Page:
Shotgun shell load type. When it comes to shotgun ammunition, there are several different types of shells available. You will want to consider your purpose for using the gun when choosing the right kind of load for your shotgun.

Rifled slugs may be used for hunting or self-defense, but they are not suitable for both. Buckshot is best used when hunting with shotguns; birdshot should only be used for birds (and other small animals).

Shot size and pellet count.

Shot size and pellet count are two important measurements of shotgun ammunition. Shot size is the diameter of the individual pellets within a shell, usually expressed in millimeters or hundredths of an inch. Pellet count is simply the number of ammunition contained in a shell, which can be defined as weight or percentage by volume.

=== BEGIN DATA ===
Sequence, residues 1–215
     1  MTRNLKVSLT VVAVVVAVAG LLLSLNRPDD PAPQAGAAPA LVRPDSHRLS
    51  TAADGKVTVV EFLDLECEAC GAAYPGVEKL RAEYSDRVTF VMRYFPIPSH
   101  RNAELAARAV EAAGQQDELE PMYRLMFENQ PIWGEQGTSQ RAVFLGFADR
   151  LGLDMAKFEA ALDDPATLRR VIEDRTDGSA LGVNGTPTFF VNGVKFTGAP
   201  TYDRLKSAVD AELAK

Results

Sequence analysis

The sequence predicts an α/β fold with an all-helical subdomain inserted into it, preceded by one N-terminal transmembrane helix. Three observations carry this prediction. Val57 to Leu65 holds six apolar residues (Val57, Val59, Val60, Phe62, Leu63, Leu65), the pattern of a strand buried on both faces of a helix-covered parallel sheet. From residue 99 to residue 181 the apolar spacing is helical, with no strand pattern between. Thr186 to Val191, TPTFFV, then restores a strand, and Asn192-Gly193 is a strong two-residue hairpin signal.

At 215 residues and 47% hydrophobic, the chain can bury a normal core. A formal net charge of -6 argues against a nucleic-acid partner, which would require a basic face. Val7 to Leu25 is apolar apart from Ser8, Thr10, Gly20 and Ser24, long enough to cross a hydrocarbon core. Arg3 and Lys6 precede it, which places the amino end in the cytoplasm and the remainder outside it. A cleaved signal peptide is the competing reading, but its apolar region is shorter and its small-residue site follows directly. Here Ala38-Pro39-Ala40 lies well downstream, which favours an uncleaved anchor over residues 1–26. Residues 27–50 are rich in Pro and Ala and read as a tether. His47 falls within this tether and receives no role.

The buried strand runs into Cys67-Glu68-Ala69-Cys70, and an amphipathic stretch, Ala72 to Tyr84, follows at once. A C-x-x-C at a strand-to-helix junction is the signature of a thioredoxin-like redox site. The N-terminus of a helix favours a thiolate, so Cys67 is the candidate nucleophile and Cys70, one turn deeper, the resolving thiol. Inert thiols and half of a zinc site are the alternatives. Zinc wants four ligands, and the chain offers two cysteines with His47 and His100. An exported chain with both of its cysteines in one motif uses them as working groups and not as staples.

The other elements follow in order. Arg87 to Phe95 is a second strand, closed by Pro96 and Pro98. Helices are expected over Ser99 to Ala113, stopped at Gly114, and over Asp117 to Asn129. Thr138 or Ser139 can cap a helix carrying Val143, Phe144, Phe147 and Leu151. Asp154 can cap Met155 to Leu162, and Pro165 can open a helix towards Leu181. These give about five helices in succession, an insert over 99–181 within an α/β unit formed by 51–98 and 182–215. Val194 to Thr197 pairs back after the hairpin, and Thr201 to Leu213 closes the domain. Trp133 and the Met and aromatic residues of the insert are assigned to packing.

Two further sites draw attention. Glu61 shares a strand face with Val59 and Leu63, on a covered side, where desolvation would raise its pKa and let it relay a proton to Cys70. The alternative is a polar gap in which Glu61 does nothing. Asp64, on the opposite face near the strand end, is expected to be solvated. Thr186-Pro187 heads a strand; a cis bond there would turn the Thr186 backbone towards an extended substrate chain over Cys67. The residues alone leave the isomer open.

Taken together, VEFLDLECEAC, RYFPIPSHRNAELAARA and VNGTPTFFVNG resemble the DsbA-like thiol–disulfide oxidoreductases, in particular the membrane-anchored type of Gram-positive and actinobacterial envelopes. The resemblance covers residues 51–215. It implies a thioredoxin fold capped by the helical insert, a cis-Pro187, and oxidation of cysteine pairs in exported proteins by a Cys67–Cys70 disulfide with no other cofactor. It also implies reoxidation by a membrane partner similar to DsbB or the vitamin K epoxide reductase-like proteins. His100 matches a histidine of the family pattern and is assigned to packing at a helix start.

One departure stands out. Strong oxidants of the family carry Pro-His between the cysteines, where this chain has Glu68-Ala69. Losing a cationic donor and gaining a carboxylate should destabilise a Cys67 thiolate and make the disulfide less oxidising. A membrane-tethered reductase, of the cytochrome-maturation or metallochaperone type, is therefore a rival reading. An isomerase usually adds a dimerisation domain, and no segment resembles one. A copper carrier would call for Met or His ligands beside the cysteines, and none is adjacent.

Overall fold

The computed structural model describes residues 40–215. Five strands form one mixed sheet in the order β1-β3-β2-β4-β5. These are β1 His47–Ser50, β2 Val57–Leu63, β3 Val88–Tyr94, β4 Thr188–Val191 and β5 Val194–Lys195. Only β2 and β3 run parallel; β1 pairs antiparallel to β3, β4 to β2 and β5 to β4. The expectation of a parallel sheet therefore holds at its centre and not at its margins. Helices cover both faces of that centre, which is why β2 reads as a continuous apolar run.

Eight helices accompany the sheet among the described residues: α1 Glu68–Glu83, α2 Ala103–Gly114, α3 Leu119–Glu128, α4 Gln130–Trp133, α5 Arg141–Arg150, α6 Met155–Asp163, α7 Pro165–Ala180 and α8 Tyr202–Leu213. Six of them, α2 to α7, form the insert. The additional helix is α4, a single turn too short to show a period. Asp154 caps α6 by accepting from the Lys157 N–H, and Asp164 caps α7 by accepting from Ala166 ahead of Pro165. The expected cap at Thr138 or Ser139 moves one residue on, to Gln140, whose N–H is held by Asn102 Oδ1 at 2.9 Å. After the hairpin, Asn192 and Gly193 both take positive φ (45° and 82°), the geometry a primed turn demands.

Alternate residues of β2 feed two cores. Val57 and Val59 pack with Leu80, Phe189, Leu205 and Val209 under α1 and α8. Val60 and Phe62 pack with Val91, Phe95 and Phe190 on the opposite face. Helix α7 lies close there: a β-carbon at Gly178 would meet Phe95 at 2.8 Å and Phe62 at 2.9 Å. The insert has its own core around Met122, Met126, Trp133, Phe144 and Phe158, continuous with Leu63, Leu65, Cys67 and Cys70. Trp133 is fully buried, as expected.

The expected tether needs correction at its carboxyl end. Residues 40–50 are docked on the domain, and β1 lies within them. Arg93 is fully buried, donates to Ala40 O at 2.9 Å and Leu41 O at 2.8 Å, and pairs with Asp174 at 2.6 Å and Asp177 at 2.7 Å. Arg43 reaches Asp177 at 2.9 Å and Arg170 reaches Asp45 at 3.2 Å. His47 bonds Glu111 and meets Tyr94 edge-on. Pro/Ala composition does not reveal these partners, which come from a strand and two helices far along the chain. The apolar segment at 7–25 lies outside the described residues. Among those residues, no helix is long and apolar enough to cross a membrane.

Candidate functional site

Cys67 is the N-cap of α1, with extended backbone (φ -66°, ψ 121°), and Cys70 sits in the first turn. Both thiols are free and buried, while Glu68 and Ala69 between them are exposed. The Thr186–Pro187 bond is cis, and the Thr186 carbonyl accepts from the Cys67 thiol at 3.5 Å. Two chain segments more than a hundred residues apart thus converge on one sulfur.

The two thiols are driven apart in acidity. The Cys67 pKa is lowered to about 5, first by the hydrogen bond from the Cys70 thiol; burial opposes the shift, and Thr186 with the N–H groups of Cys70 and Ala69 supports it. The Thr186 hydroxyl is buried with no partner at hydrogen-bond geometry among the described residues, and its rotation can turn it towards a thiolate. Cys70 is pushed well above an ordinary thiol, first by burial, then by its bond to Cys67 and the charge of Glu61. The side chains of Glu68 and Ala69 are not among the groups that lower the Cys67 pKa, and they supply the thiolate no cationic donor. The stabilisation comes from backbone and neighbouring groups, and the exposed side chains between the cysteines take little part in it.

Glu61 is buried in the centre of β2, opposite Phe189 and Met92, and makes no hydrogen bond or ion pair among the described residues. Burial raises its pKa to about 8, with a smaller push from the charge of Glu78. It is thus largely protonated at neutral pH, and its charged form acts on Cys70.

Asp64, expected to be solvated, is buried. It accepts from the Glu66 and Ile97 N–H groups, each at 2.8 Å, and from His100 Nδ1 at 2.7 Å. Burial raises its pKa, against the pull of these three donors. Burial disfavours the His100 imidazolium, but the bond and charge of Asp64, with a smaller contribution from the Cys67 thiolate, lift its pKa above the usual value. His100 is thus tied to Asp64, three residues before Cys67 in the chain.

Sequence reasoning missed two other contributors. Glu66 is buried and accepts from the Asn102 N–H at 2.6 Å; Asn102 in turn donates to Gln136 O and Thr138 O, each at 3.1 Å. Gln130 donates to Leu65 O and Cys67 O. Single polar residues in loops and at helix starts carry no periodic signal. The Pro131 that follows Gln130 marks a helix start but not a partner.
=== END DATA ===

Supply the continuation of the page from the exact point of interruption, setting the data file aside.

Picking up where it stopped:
• To maximize your shot spread, go with smaller shot sizes. Smaller-sized shots are more likely to backfire off your target and create maximum damage on nearby objects like trees or additional targets.
  • Choose larger pellets if you want to increase your chances of hitting your target dead-on with every shot. Larger pellets aren’t quite as likely to bounce off surfaces as smaller ones; however, they can penetrate soft targets much easier than their diminutive counterparts.

Shot hardness.

Hardness describes the amount of energy a pellet loses when it strikes something hard. It’s measured in pounds per square inch. The harder pellets will break apart more easily and spread out more, which is especially important for hunting and shooting clay pigeons.

However, they’re less likely to do damage at close range since they can’t penetrate as easily as softer pellets. Softer pellets are better if you need to kill someone quickly or want something that causes maximum damage at close range.

Powder and Primer